According to Tracxn’s most recent research, startup funding in India decreased by 80% year over year (YoY) in Q3 2022. The funding has also decreased noticeably quarter over quarter (QoQ), putting an end to the long-debated “Funding Winter” debate. However, as warning sirens sound in preparation for a potential recession, new difficulties face the startup ecosystem.
Sruthi Kannan, Head at Cisco LaunchPad, was interviewed by BW Businessworld’s Rohit Chintapali on the sidelines of Cisco Startup Summit 2022. During the conversation, Kannan discussed the startup ecosystem’s present situation in India, Cisco Launchpad’s strategy to working with entrepreneurs, and her thoughts on the Indian government’s support for the ecosystem.
Many firms are simplifying and going back to the fundamentals as a result of the impending recession and the current funding winter. What is the state of the startup ecosystem?
Pivoting is an obvious path in startup lingo. Newer business sectors, business models, technologies, and use cases are frequently the focus of startups. Being a part of the startup ecosystem means you must be able to pivot. This is particularly relevant now that we are experiencing a funding winter and a possible recession. Value addition is the core tenet on which Cisco bases its collaboration with startups. We examine how technology might serve as an enabler in this regard.
Obviously, the ecosystem’s term has changed from unicorns to cockroaches, and we are considering how we might develop resilience alongside companies. Our attention is still on creating value for use cases that are meant to have an impact.
How has Cisco’s stance on how to collaborate with startups altered as the recession approaches?
These moments aid us in focusing our vision and laying out very organised paths. When we are on a favourable trajectory, it helps. Therefore, we are releasing the Cisco Startup Playbook today at the Cisco Startup Summit. We are laying out a clear path for working with startups through the exploration and discovery phases before moving on to the developing and scaling phases through it. When you have a clear path for involvement, you are less likely to get sidetracked by the numerous distractions. It aids in tightening internal relationships and accelerating joint collaboration with startups.
When you are working with and supporting startups, how involved are you? How can you assist them?
Giving them an overview is the first step in our interaction with the startup. We walk them through some of the possibilities and opportunities that Cisco has in its field; it’s more of an evangelising of sorts. Once they are persuaded or if there is some synergy, we start working closely with the entrepreneurs, dig deeply into what they are offering, identify areas of shared interest, and then begin growing together. The Cisco Launchpad is a bustling co-innovation hub where we support companies with mentorship and make our technological platforms available.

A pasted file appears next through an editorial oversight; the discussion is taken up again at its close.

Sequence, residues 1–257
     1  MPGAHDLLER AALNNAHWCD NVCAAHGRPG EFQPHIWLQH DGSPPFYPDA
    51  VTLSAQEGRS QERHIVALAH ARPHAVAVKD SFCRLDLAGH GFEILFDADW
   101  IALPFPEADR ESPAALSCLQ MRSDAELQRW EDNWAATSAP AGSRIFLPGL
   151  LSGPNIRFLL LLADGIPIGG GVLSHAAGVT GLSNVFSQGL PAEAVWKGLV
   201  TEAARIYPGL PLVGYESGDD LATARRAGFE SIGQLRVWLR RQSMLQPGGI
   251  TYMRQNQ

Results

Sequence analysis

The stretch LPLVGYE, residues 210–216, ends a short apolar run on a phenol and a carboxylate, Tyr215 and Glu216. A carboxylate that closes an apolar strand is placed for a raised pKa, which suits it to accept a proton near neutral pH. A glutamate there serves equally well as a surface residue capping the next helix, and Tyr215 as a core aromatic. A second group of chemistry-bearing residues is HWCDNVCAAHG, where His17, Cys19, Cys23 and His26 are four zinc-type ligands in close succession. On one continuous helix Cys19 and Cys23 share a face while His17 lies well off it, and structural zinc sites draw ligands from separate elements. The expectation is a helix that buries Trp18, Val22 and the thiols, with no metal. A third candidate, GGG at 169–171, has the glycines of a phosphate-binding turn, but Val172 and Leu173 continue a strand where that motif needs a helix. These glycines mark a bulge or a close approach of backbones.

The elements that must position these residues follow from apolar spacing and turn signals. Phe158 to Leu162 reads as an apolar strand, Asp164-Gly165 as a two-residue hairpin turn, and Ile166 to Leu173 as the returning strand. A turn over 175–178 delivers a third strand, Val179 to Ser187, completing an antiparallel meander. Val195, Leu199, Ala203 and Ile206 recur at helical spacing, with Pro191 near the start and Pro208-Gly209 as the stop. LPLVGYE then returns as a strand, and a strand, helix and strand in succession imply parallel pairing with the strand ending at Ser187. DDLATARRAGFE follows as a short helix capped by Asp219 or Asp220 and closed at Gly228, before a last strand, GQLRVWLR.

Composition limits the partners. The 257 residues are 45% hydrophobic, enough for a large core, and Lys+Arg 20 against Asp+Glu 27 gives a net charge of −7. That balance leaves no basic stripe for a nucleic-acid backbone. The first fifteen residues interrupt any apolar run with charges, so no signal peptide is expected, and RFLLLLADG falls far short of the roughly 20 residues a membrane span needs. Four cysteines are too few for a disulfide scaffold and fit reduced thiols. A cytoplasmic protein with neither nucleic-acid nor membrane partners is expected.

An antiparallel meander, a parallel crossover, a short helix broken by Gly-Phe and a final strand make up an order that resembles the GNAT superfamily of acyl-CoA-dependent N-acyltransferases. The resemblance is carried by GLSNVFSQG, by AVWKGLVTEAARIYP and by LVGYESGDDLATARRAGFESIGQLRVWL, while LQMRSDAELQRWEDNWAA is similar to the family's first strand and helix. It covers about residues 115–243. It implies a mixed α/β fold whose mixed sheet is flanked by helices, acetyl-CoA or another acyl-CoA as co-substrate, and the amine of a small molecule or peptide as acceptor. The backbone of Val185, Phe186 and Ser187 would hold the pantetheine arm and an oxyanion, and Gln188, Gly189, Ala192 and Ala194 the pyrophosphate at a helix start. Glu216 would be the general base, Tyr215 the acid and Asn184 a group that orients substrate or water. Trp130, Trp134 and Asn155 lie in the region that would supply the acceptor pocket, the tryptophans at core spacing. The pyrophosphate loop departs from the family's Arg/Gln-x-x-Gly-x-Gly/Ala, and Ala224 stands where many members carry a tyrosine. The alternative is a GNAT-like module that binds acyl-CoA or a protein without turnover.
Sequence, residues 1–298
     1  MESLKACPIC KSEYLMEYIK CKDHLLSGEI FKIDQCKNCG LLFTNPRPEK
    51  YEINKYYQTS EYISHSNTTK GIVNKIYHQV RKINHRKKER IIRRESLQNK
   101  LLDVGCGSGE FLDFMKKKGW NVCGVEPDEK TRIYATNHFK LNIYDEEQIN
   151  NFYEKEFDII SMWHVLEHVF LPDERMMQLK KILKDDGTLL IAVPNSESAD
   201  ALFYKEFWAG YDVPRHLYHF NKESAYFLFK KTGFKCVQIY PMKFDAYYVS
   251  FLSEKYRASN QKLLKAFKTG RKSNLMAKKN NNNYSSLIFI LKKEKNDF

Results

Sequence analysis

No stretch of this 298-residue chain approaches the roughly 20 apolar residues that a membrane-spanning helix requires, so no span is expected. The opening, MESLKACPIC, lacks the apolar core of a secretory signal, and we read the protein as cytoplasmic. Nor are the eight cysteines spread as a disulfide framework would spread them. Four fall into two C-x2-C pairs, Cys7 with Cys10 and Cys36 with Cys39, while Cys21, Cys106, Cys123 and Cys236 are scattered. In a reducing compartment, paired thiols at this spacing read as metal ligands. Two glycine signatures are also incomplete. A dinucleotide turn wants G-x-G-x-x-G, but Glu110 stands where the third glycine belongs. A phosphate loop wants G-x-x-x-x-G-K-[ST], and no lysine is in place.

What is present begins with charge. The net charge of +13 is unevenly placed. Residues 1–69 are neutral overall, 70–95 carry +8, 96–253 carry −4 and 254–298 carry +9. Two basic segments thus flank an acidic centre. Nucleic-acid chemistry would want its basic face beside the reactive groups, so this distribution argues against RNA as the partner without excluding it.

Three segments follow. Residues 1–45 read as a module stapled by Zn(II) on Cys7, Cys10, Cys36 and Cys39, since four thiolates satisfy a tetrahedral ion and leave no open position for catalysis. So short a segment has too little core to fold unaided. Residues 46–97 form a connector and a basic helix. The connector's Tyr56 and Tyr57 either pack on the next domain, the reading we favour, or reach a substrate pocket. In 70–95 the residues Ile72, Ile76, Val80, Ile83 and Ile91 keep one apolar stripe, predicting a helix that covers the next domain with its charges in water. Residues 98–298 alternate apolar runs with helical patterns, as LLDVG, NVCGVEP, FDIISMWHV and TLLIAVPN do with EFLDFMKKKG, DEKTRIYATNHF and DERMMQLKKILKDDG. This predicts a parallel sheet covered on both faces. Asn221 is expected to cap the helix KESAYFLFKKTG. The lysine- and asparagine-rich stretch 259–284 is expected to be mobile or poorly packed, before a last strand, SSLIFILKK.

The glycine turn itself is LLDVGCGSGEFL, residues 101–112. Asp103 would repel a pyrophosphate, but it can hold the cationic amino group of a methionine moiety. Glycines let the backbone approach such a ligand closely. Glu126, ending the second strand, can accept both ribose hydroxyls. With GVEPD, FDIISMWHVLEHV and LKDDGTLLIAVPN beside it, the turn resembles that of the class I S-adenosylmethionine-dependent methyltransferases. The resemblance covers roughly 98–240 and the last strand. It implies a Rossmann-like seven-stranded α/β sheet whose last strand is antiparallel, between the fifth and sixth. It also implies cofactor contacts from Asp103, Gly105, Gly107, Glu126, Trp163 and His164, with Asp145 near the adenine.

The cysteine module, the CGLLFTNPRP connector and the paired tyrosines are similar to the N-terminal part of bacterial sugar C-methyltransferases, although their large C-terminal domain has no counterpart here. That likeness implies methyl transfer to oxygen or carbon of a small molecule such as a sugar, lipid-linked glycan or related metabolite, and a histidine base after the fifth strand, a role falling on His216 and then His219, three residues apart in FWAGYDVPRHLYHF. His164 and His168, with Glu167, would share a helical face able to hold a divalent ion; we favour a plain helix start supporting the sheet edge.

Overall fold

For Cisco, where does the Indian startup scene stand in relation to other nations?
One of the top five startup innovation ecosystems in the world, India has improved significantly since last year. As a result, the number of startups in the country has risen to over 75,000 as we see rapid growth. The bulk of them also use technology. And this is on par with other nations who are currently stepping up their startup efforts. I think the boom is extremely high from India’s standpoint and I think the growth will be quite strong in the upcoming years.
How have your interactions with the Indian government’s startup ecosystem been? How are they doing, in your opinion?
With “Startup India,” we have a terrific partnership. They have been a real innovator in this area, disseminating startup-related ideas and enablement all throughout the nation. Additionally, we have moved forward and signed an MoU with MeitY’s Startup Hub to collaborate with incubators across the nation. Now, I notice a change that affects all ministries rather than just one or the other. Working with startups is becoming more popular, as we can see.
We just took part in the “India Water Pitch-Pilot-Scale Start-up Conclave,” where they are trying to work with entrepreneurs to completely change the water market. This is spreading out rather than remaining concentrated in a few places, as we can see.
I also had the privilege of being the only industry representative on Startup India Seed Fund Scheme’s executive advisory group (SISFS). Through this, we are dispersing funds for incubators around the nation, which in turn is igniting entrepreneurs no matter where they are.